VIDEO: Centuries-old stupa in Pakistan tells tales of kings and their enemies

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A Buddhist stupa in Pakistan, claimed by few to be 4,500 years old, is attracting local and international tourists who hear numerous tales of ancient kings and their enemies who inhabited the area in ancient times.

Located around 20 kilometers from the capital city of Islamabad, the Mankiala stupa, has several legends attached to it. “Based on what we have been told, this Stupa is almost 4,500 years old,” says one local adding that it contains large reserves of gold buried inside.

It is said that the stupa was built during the reign of Kanishka. There are also those who say it was built during the era of King Ashoka.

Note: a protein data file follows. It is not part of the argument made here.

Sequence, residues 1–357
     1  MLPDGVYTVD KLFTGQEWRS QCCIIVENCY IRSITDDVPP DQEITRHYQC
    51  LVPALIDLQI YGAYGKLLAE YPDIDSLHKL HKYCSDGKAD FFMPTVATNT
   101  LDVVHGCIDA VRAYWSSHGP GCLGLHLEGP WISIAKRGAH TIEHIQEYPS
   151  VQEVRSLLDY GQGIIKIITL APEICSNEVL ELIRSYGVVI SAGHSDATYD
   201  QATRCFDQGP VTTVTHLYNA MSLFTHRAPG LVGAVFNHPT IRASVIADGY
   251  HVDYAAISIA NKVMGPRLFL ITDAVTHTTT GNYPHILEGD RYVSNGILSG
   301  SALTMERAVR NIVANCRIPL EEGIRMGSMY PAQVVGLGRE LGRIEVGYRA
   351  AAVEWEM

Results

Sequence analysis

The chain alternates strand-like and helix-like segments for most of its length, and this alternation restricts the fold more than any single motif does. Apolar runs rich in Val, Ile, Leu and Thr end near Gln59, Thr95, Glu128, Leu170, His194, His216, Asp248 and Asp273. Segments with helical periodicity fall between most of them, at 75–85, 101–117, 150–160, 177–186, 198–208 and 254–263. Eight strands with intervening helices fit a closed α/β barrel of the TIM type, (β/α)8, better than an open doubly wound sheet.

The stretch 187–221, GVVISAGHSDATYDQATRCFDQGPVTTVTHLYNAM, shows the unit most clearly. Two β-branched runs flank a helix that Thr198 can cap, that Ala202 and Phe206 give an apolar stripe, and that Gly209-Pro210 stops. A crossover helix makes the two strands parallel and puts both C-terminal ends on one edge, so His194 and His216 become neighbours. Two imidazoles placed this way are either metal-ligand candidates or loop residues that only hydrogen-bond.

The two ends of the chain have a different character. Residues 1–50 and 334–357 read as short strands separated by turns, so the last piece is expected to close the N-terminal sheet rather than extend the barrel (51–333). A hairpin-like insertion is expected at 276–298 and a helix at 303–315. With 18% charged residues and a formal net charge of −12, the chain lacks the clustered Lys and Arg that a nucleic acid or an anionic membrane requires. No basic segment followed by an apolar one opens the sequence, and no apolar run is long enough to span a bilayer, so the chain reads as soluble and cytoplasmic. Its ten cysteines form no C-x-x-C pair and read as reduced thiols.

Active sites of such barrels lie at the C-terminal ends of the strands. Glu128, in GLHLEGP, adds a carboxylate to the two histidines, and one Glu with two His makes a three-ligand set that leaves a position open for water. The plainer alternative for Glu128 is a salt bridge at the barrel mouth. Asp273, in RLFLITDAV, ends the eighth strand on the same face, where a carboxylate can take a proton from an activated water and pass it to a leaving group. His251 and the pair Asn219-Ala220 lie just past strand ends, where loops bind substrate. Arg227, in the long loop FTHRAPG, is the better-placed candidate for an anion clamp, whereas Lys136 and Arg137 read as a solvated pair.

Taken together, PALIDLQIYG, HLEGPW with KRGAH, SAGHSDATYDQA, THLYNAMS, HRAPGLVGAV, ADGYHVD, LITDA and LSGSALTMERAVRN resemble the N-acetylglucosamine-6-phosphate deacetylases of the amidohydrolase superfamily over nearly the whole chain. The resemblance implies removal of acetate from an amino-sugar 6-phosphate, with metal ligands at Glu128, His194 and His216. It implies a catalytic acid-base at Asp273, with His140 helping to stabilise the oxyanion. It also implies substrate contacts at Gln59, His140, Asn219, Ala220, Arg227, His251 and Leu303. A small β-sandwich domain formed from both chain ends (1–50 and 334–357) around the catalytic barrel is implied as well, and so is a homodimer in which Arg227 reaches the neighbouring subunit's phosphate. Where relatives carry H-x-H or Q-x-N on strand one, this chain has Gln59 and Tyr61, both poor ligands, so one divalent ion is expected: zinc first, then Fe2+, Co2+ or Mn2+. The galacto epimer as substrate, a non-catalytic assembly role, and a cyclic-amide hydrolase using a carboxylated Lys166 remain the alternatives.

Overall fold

“He [King Ashoka] used to live in his castle in Rawat and made a tunnel from his castle to this stupa. In the event of an attack on Rawat, he would send his family through the tunnel to the stupa to ensure their security,” he says.

Another local explains that when Alexander the Great attacked the area, there used to be a small city here. Locals say teams from France, Australia, Austria and Britain frequently visit this stupa for research purposes.

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